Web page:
Conde Nast Traveler 2019 Hot List
“As far as Alaskan expeditions go, this itinerary gives passengers more access to so many aspects of the state’s culture than any competitor.” – Conde Nast Traveler
Witness the grandeur of Alaska’s premier glaciers: Mendenhall in Juneau, Kenai Fjords’ Harding Icefield, Tracy Arm’s twin Sawyer Glaciers. Discover Alaskan Native villages, Russian cathedrals, and Gold Rush history. Thrill as you watch a wild brown bear snatch a struggling salmon from a stream or a humpback whale breech off the bow. Cruise Misty Fjords and Kenai Fjords on the lovely Star Legend, waters beyond the reach of larger Alaska cruise ships.
Very special opportunity, while availability lasts on June 25, 2019 Departure!
Fares on this Windstar 12-Day Alaska cruise, from Vancouver to Seward (Anchorage) from $1999.00 USD per person + $908.00 in taxes
Vancouver’s location at the mouth of the Fraser River and on the waterways of the Strait of Georgia, Howe Sound, Burrard Inlet and all their tributaries makes this busy seaport an easy place for meeting. It is one of Canada’s most populated, most ethnically diverse cities that is a popular filming location. Visit the interesting neighborhoods of Gastown, Granville Island and Chinatown. Walk across the Capilano Suspension Bridge and stroll through Stanley Park. See the Vancouver Art Gallery and the Museum of Anthropology. There is an amazing variety of things to see and do here.
Today we cruise the fjords of Canada’s Inside Passage boasting centuries-old coastal rainforests, beaches, waterfalls and mountains. Over 25,000 miles of rugged coastline lie in Canada’s Inside Passage, joining Alaska’s 15,000 miles of inside waters and provides a safe and sheltered West Coast waterway transit. In this isolated wilderness look for coastal First Nations longhouses fronted with proud totems and a variety of marine life, from orcas and porpoises to some of the largest populations of bald eagles in the world.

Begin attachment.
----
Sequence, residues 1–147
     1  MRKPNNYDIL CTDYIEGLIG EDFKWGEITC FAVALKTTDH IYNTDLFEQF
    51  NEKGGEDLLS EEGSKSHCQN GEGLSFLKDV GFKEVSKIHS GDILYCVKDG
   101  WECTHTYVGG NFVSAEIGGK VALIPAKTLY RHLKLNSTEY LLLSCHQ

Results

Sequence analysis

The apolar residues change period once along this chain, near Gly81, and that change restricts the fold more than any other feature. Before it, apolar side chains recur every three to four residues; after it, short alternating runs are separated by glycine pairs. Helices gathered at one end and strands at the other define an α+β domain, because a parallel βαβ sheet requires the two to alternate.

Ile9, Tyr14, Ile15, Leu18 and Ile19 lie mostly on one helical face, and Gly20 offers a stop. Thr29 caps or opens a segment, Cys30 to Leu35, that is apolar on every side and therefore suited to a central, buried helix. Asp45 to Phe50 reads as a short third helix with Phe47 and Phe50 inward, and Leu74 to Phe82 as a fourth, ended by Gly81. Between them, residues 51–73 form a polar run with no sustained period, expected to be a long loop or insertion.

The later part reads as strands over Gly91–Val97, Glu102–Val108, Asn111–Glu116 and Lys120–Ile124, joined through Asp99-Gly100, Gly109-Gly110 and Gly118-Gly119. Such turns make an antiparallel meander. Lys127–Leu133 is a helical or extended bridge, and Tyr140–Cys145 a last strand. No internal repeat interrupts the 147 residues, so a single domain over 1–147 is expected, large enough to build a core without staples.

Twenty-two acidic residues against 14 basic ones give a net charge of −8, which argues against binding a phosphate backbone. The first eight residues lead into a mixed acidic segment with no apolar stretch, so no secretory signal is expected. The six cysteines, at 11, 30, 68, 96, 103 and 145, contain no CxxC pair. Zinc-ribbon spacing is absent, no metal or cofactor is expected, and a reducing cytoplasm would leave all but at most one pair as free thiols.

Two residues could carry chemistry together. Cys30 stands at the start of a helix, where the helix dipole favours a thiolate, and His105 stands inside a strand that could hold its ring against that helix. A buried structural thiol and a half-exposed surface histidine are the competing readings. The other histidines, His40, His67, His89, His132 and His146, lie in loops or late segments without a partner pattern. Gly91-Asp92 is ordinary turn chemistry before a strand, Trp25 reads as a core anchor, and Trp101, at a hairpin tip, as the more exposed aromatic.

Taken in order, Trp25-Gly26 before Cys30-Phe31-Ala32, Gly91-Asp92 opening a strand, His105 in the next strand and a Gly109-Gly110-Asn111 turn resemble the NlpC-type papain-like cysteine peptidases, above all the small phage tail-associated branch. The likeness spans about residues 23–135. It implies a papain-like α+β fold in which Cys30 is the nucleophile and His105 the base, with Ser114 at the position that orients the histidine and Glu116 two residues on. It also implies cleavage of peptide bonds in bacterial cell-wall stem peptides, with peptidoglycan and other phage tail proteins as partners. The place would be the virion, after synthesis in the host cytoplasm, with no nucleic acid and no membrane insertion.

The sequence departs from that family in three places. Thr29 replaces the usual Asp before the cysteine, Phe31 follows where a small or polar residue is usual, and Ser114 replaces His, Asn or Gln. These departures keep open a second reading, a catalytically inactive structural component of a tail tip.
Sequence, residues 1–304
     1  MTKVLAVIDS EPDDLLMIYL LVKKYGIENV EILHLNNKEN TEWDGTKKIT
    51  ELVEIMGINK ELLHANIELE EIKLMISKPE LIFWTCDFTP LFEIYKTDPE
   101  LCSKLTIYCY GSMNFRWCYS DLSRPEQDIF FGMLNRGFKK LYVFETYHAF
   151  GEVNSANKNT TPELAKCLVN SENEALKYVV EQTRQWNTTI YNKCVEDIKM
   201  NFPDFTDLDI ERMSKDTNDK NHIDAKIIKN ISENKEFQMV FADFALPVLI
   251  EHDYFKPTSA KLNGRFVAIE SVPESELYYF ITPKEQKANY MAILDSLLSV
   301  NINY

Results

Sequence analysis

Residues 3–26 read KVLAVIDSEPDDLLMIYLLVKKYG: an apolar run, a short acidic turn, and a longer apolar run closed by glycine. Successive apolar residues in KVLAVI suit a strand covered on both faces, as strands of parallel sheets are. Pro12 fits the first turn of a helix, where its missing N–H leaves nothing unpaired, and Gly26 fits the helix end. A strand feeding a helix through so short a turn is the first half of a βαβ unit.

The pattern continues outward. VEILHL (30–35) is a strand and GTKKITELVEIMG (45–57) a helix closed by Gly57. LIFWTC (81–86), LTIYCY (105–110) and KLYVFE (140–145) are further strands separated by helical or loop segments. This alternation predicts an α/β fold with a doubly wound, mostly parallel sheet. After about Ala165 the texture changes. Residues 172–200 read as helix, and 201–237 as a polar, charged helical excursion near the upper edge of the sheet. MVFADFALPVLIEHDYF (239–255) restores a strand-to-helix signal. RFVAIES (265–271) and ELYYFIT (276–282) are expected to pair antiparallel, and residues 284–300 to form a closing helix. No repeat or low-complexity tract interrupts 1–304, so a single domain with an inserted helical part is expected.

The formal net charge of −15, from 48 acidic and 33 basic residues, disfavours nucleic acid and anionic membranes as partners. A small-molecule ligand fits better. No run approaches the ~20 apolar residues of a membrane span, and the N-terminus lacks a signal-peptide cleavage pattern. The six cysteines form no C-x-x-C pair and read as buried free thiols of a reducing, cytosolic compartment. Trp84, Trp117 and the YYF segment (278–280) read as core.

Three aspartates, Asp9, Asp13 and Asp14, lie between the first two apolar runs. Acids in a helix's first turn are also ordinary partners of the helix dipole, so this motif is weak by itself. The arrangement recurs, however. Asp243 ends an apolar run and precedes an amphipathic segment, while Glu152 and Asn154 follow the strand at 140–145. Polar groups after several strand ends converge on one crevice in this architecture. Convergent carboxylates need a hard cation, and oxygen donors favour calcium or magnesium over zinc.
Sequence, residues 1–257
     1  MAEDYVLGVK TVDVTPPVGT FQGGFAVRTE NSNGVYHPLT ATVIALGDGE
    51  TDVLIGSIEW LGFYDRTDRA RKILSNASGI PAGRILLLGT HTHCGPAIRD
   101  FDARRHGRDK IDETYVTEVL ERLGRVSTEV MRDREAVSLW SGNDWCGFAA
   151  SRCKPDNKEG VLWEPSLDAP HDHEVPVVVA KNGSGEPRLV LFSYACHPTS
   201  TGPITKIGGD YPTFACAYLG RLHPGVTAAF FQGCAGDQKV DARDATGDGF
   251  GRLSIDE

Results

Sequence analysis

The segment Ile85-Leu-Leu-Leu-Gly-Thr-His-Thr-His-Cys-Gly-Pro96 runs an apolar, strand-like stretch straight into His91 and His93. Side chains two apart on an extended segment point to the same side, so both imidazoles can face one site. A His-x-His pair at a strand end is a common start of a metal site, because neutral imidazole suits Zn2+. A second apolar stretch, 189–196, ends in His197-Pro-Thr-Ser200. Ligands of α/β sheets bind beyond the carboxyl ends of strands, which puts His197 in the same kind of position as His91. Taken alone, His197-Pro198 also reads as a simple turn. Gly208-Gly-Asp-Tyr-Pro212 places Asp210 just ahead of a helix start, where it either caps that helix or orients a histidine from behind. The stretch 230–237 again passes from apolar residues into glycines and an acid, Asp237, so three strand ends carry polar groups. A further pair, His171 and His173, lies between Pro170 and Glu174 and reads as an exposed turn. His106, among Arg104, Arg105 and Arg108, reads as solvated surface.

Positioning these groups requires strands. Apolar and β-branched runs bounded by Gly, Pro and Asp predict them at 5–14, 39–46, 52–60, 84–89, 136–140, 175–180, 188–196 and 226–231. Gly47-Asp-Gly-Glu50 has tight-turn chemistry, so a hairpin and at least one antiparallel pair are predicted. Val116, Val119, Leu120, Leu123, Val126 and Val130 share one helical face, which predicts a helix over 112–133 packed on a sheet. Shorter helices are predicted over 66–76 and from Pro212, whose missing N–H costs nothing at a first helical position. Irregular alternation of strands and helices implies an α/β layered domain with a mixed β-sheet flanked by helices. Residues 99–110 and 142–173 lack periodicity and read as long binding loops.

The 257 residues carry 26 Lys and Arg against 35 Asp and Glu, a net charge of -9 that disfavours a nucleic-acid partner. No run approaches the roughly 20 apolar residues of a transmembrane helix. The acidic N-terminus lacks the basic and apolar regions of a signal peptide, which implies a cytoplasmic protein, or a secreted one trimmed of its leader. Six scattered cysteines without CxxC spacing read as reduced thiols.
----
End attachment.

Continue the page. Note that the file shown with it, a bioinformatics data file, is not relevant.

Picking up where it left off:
Dubbed the Salmon Capital of the World, Ketchikan is the southeastern-most town in Alaska and is home to the world’s largest collection of standing totem poles that are found throughout the city and at four major locations: Saxman Totem Park, Totem Bight State Park, Potlatch Park, and the Totem Heritage Center. Other attractions of Ketchikan are Creek Street, a boardwalk road built on pilings over Ketchikan Creek and the Waterfront Promenade that skirts the bustling shoreline with inviting whale-tail benches to take in the view.
Misty Fjords, with its gorgeous views of natural formations is a national monument and wilderness area with steep valleys formed by glaciers and lava flows. It is part of the Tongass National Forest and is about 40 miles east of Ketchikan along the Inside Passage. With its icy blue lakes, waterfalls, snowcapped peaks and glacial valleys literally everywhere you point your camera you will get a postcard picture, depending on the weather of course. For a more up-close opportunity in this beautiful scenic sanctuary optional expeditions excursions will be available.